First of all, I promise that there is more to this than my history as a musician, but it does set the backdrop for a strange fascination that I’ve developed. I started out playing bass with a high school hard rock band in 1982. I just wanted to be in my friend’s newly formed band and couldn’t sing, play guitar, or play drums. Yeah, I was pretty untalented musically for the most part (and some people might still say that if you asked them in private). I figured that maybe I could play bass since they didn’t have a bassist. Four strings and I could just hit one note for each chord I figured. How hard can it be, even for a guy who learned nothing in two years of piano lessons?
A friend of mine was selling a cheap old 1970’s P-Bass knockoff called a Pan and another friend was selling a 1976 Peavey TNT 100 bass amp. Picked them both up for a whopping $85! I still have the amp to this day and I am proud to say that it sounds as bad today as it did the day that I got it! After a few years of playing in what ended up being a pretty good high school band and upgrading to a wonderful Fender P-Bass Special a few years later (that I still own), I turned out to be a bassist that people wanted to actually jam with! Did that for a few years and then did what many of us musicians do, get married, go to college, have kids and get a real job. The bass was retired to occasion playing at the house for the next 10 years.
I found myself on day missing playing with other musicians, kind of out of the blue. I started playing again with some folks and found that it was now kind boring playing bass. I wanted the real action (not to mention the spotlight) of playing guitar! And after all, I had the means to afford real gear this time around and guitar players have tons more gear than bassist! Well, the guitar came to me quickly, but the stuff I was writing used a lot of bass licks, my leads were like runs on a bass, and I wanted the deepest, darkest tone imaginable. On a business trip to Kansas City, I stopped a music store and was introduced to the dark side – a Schecter Celloblaster. A five-string guitar tuned in 5ths. It was a guitar/bass hybrid! I was instantly hooked. I was going to learn this strange instrument and change the world of heavy music!
There was one problem, by the time I decided to buy one a year later, Schecter had stopped selling them. I hunted around online and found a place that had two new old stock ones for retail price. Bought it and proceeded to learn this strange thing very quickly. I wrote a few songs and took it to band practice one day, all proud of my new instrument and the stuff I had written! I quickly found out that when in tuned in fifths and the rest of the guys aren’t, it’s almost impossible for them to translate what I had written to a regular guitar without a ton of tricky finger work. Turning the musical world upside down was not going to happen with this interesting instrument unfortunately. She was retired to the guitar rack in my home studio and now rarely feels the spark of my Marshall.
I was determined to find something that would allow for my inner bass player to come out – and then I discovered the wonderful world of baritone guitars. You know, those extended scale things with strings as thick as a bass that are an octave lower than a regular guitar. Yes, Nirvana was at hand! I only thought that groups from the 1960s used them and they only had limited use. After reading some reviews, I looked for a cheapo just in my experiment into ultimate heaviness failed again. The Schecter was not cheap and I couldn’t have the wife giving me another, “I told you so,” type of lecture! I picked up a Squier Sub-Sonic Showmaster on eBay for under $200. After receiving and discover the pickups sounded like, well cheap Squier pickups, I was now officially in love with a type of instrument. Not the actual instrument itself, but I found my calling! Don’t get me wrong, when played clean, the Squier is gorgeous. When played with gain, it sounds like nothing but muddy noise being played through my TNT 100. New pups would fix the issue, but I am now becoming a purist and not wanting to replace anything on my guitars. I’ve done enough Dr. Frankenstein type of work my other guitars to be able to rival the best of the soldering gun champs!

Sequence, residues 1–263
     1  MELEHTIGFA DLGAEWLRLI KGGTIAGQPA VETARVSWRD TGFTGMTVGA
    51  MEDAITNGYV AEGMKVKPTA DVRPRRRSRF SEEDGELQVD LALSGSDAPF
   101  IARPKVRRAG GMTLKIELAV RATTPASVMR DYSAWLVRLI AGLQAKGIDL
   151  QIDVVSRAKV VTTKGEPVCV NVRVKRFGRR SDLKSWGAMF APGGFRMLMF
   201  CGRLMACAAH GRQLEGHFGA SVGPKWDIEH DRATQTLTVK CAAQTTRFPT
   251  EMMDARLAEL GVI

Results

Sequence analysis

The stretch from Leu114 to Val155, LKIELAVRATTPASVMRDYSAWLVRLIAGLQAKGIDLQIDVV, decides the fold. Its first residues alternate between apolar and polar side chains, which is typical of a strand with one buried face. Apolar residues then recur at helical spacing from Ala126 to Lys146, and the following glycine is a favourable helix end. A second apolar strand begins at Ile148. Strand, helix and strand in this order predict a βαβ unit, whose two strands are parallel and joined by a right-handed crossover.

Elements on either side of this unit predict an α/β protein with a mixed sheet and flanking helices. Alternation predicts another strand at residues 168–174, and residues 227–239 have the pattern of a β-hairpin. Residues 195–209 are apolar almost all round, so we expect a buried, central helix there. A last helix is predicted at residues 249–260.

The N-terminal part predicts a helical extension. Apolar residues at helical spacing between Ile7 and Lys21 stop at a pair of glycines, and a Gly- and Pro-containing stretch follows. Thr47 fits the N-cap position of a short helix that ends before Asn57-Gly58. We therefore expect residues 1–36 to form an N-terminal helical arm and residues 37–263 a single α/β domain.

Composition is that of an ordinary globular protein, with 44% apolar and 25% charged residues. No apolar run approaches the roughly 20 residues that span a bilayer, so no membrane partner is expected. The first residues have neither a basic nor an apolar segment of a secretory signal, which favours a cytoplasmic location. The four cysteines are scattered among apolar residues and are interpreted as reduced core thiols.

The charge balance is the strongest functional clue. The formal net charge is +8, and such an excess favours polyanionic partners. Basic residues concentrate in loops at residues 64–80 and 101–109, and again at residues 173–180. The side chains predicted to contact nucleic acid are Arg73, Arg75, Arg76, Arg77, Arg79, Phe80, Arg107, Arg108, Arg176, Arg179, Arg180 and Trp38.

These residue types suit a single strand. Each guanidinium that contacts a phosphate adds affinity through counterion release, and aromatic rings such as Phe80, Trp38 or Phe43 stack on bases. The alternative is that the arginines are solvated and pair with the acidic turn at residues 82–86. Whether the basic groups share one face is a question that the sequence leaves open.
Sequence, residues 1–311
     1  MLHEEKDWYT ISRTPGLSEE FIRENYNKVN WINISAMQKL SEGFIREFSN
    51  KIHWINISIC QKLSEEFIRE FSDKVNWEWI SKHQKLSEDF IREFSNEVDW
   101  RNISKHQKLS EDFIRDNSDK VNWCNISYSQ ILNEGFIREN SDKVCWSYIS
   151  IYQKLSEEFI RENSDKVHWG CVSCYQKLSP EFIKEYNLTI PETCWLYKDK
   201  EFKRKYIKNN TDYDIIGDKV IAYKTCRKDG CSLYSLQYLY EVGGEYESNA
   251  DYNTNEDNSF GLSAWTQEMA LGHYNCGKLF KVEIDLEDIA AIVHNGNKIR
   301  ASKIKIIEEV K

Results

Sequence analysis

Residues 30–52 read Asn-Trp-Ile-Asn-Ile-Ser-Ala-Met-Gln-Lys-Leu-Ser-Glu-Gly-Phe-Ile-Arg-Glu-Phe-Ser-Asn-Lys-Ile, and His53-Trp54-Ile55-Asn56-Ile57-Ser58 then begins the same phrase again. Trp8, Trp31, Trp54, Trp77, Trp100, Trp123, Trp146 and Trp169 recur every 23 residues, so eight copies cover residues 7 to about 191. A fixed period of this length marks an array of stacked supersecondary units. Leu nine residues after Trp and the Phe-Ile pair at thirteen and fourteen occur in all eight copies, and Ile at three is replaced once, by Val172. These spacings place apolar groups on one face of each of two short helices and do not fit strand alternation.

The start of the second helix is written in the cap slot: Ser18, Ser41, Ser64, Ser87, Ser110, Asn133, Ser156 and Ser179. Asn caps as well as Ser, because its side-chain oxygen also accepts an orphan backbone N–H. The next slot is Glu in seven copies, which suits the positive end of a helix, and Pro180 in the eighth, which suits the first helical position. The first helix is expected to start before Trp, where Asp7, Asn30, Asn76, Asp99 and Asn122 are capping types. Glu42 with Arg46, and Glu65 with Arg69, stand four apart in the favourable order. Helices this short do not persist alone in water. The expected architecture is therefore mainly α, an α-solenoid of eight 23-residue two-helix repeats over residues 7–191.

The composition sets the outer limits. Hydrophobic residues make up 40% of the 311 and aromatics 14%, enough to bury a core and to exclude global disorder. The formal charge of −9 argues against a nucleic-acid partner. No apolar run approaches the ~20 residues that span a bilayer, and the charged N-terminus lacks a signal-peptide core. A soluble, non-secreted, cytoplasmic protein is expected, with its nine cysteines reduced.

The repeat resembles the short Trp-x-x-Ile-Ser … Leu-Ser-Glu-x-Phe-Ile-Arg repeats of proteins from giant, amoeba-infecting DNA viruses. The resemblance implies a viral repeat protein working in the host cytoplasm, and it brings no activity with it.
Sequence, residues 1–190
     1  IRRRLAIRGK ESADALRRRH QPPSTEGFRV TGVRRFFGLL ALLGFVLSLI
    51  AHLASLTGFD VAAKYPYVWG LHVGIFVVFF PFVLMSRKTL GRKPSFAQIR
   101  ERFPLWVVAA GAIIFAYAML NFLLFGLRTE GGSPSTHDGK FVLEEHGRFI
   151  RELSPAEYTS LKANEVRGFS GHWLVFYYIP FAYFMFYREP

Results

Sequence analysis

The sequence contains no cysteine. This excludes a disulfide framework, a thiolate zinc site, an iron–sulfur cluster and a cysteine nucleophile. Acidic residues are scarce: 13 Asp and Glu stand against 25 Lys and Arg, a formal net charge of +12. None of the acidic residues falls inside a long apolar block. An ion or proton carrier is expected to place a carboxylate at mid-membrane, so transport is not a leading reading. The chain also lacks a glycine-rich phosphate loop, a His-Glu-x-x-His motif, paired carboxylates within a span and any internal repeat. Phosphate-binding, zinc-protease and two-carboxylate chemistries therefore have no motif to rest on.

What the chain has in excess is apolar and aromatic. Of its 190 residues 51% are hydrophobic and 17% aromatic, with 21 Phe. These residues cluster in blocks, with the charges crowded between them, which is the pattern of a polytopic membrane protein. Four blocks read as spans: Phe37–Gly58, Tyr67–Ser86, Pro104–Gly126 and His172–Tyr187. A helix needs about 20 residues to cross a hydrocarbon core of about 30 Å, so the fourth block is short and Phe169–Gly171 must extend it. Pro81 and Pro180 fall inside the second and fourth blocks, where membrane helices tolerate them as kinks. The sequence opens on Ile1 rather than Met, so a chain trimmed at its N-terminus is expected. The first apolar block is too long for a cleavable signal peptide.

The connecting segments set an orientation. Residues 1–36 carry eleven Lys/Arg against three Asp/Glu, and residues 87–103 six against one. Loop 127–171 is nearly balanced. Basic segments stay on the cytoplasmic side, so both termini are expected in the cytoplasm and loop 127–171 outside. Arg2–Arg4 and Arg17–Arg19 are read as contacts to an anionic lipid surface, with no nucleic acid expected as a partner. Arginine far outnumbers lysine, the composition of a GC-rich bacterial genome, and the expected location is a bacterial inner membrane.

So I am an official baritone junkie. I still only have the Squier, but an Eastwood SideJack Baritone guitar is next on the list. Why you might ask? P-90s, cool vintage looks and Eastwood quality! Throw in those great reviews and what else can you ask for! Baritones have become pretty popular these days, but still most chain music stores don’t carry them. Almost all major manufactures are offering a model or two. I’ll let you look them up, but everybody from Gibson to Fender to Jerry Jones are offering a model up. You can spend a fortune on one or go cheap and get an OLP Music Man knockoff. Depends on your curiosity factor and wallet – just don’t be fooled by brand names and reputations established 30 years ago. Even the really poor Danelectro models from a few years ago are fetching double their original price on eBay. I tried them and was not impressed at all.
So for those of you with a serious guitar collection and are just looking for something different, guitarist seeking different tones or you bass players looking to expand your range, try out a baritone guitar. You won’t be disappointed. They are fun as hell to play, are one of the most expressive instruments around, and are good for everything from country to pop to heavy metal. Almost everybody I know that plays one gets the fever, they can be that addictive. And quality doesn’t have to be expensive either! Now back to grooving on those low tones that I’ve grown to love!